Square hollow section is a type of steel tubing used in the construction of buildings. Although it is a form of piping, stainless steel hollow tubing is formed into a frame by welding sections together to fit inside the exterior wall, whereas standard piping is molded to allow for liquid flow within the interior area of a wall.
Making Hollow Square Tubing and uses
The process of manufacturing structural hollow section, or hollow structural section, as it is more commonly known, follows a method similar to the making of standard piping. A flat plate of metal is manipulated by heating and is shaped into a round pole called the mother tube, this “mother tube’ is then further fitted into a circular, rectangular, or square hollow section. The corners of a square hollow section are rounded off at the last with the completed tube measuring a radius of two times the thickness of the wall it frames.
Variations of Steel tubing are used in and throughout a building’s exterior wall structure, however square tubing is favored more in the production of columns because its flat, level surfaces provide a stronger endurance to weathering and warping. A structural hollow section can also be used for beam work, given its resistance to buckling, although the newer shape of elliptical tubing is starting to replace the lower grade of the square tubing for the same reason.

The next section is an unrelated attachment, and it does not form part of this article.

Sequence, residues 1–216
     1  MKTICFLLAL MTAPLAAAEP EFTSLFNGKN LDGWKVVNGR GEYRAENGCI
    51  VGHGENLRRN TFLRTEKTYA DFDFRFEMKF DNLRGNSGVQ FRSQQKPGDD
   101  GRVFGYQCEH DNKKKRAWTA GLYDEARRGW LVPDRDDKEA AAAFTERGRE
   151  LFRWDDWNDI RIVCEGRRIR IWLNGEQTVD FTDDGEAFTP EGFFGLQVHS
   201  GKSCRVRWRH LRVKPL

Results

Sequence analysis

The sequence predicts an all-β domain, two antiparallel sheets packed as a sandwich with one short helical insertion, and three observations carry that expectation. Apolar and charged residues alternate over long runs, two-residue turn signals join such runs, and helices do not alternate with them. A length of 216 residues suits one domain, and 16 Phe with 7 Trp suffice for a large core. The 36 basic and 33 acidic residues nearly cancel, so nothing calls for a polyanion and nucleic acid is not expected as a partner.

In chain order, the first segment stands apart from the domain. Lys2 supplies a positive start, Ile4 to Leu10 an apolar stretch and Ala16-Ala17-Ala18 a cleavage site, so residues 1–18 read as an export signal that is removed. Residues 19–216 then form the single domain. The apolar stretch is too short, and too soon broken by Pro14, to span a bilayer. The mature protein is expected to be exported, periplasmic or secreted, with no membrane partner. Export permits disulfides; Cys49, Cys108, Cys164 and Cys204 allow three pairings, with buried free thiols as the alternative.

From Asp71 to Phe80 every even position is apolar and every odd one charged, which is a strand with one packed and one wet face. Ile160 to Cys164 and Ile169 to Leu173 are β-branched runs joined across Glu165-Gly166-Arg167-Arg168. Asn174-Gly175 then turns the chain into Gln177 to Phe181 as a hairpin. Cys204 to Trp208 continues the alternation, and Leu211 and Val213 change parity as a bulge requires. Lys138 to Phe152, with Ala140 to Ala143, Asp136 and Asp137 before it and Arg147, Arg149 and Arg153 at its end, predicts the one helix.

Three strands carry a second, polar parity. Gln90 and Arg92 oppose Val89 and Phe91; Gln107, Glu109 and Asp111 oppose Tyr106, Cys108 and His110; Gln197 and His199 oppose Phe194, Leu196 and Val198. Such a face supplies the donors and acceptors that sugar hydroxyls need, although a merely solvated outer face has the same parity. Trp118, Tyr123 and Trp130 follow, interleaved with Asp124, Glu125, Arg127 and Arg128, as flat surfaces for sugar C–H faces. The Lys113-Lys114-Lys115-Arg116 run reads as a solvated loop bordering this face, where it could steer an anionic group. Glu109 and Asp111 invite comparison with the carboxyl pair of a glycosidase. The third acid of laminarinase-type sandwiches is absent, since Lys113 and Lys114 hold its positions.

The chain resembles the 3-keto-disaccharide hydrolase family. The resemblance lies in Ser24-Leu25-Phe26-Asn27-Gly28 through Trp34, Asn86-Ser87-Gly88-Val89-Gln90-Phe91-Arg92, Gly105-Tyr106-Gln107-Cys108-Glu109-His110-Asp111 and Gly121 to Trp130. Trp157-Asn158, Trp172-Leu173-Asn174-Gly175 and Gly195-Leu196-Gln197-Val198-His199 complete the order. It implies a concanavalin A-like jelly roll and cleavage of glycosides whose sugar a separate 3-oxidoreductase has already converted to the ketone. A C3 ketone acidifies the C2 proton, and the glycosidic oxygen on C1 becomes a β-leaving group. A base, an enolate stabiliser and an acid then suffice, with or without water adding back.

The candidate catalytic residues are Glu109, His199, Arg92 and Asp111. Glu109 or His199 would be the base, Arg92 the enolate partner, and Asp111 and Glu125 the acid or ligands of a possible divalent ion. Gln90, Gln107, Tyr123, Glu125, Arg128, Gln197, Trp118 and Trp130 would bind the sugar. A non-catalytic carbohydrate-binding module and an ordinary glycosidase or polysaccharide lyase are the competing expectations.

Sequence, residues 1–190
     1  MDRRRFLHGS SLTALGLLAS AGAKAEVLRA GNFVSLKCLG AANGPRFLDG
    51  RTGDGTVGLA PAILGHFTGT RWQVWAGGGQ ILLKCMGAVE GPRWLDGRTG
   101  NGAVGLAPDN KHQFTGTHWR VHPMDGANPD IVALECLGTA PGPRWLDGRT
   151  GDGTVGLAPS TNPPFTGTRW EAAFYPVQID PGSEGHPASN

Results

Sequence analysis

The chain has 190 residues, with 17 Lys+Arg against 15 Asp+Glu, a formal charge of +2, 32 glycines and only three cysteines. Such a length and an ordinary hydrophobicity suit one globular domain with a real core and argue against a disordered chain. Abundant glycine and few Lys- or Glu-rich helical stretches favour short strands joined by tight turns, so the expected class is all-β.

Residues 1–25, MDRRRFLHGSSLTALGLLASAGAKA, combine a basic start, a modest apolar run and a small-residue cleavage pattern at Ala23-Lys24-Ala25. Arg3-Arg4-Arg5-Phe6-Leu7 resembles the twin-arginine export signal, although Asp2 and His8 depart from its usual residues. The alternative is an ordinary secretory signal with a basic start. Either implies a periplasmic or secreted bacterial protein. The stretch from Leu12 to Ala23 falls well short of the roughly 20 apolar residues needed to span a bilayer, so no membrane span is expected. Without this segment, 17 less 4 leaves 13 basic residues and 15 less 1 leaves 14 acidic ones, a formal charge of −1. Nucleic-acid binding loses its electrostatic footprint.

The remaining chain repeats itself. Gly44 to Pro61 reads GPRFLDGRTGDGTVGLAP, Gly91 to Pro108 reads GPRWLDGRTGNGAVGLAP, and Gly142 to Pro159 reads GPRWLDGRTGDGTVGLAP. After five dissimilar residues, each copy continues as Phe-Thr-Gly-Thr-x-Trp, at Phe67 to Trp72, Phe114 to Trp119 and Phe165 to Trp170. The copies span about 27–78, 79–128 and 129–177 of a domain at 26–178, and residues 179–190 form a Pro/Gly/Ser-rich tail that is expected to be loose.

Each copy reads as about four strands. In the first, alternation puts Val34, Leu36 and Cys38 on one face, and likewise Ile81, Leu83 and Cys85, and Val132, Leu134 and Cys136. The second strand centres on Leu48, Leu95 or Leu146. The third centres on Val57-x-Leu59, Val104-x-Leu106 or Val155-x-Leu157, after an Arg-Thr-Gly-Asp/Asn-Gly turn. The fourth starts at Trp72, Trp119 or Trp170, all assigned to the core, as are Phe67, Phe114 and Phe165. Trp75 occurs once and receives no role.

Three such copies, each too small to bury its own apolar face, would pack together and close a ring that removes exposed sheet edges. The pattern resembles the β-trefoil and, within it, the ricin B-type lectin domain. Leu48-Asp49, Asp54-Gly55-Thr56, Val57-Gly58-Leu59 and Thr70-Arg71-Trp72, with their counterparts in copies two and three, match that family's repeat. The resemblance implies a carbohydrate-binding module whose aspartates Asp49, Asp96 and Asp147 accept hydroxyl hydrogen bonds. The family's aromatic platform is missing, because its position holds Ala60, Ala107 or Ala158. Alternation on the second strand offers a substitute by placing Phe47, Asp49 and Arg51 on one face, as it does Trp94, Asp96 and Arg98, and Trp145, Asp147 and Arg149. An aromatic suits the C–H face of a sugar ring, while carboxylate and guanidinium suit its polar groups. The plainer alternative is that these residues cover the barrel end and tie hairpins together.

Grades of Square Tubing in the Construction Industry
Typically, all U.S. construction companies follow the same ASTM standards for grades of structural hollow section and while the average grade for tubing use to run with the A500 B series, there has been a change in grade levels to the A1000 series (grades A1065 and A1085), because these grades are more suitable for larger buildings, providing tougher strength and a higher resistance to weathering and torsion than their A500 counterparts. Canadian construction standards follow both the U.S. A500 grades and their own CSA standards on the G40.21 grades of steel. While the UK follows the metric system, enabling manufactures to produce their own dimensional standards.